__MAIN_TEXT__

Page 30

30

2017

NORTH CAROLINA L I T E R A R Y RE V I E W

HONORABLE MENTION 2016 ALEX ALBRIGHT CREATIVE NONFICTION PRIZE

erutnevdasiMMisadventure i

in

i

MontclairrialctnoM with art by Melinda Fine A friend of mine put it this way: Sometimes a part on your car breaks – say, the mirror, and when you replace it, the car looks as good as new. Sometimes something more serious happens – say, the transmission goes. The repair is costly and may take time, but it puts the car right again. But if you open the hood and slam a sledgehammer down on the engine over and over again, you will most likely

My mother became a sledgehammer-to-the-engine kind of drinker. damage your car permanently. My mother became a sledgehammer-to-the-engine kind of drinker. Although twice widowed, my mother didn’t want any of us children at her house. As the oldest, I was busy raising my own children, and when both of them were in school full-time, I went back to school, too. I kept in touch with my mother by telephone, imagining the line stretching for miles between our houses like an umbilical cord. One time checking in on her by telephone, when she answered, I said, “Hi, I just wanted to see how you’re doing.” “Oh, fine, I guess,” she answered in a normal voice, “except I’ve been pretty annoyed by all the singing in the neighborhood.” In another life, SUZY T. KANE was a copywriter at LIFE magazine. She now lives and writes in Wilmington, NC. Kane has an MA in the Humanities and her poems have appeared in various publications, including two anthologies published by The New School. Her published prose and public radio audios are available on her website. Her new memoir is “A Little In Heart” about growing up in a three-culture household.

by Suzy T. Kane “What do you mean?” I asked. “It’s a group,” she told me, “and they apparently get together at various houses in the neighborhood” – I’m wondering what singing group could be practicing at someone’s house – “and they either sing until three a.m. or chant.” Three a.m.? “What do you mean by ‘chant’?” “Oh, they take a word like ‘peanut butter,’ and they chant it over and over.” Peanut butter? I tried to keep her talking as the trouble she was in sank into me. “Any other words?” I asked. “Sometimes ‘sauerkraut’ or ‘wiener’ or ‘ham ’n’ eggs.” “What kind of songs do they sing?” “All kinds. Oldies, some folk songs; I expect they’ll be getting into Irish songs this week,” she said, sanely acknowledging the upcoming St. Patrick’s Day. “But one song they sing all year.” “What is that?”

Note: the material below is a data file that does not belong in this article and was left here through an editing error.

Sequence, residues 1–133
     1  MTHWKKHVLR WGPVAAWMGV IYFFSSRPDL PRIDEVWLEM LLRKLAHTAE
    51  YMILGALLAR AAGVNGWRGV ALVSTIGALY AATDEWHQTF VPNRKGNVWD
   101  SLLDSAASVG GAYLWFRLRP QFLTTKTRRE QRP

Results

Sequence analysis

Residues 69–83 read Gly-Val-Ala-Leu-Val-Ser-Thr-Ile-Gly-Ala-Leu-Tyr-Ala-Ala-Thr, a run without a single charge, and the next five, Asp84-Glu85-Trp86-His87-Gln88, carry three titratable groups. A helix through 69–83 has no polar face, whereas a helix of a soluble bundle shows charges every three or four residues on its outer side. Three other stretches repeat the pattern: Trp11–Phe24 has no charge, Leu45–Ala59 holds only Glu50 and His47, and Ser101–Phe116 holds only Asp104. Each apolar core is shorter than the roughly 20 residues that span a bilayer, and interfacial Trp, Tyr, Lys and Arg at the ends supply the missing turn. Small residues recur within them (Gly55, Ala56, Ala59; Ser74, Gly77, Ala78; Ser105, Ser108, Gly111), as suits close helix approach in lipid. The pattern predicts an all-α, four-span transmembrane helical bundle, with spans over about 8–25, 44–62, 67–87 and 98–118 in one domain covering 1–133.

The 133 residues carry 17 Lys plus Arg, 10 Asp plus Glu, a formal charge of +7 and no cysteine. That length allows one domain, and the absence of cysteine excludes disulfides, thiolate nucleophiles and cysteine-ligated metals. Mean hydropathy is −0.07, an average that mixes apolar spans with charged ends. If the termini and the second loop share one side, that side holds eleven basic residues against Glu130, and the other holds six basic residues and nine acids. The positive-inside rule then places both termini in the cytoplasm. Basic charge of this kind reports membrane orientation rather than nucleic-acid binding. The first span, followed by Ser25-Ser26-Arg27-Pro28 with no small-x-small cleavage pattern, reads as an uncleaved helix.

I kept in touch with my mother by telephone, imagining the line stretching for miles between our houses like an umbilical cord. Final judge Jim Grimsley said of “Misadventure in Montclair,” “There is something wonderful about the honesty of this piece and something immensely blind about it at the same time.” Grimsley explained that the author “presents the fullness of a mother’s dissolution into alcohol, the decay of her life into rotting groceries and garbage, and then closes the door on it, as though that settles the issue.”

Profile for East Carolina University

North Carolina Literary Review Online 2017  

North Carolina Literary Review is published annually by East Carolina University with additional funding from the North Carolina Literary an...

North Carolina Literary Review Online 2017  

North Carolina Literary Review is published annually by East Carolina University with additional funding from the North Carolina Literary an...

Advertisement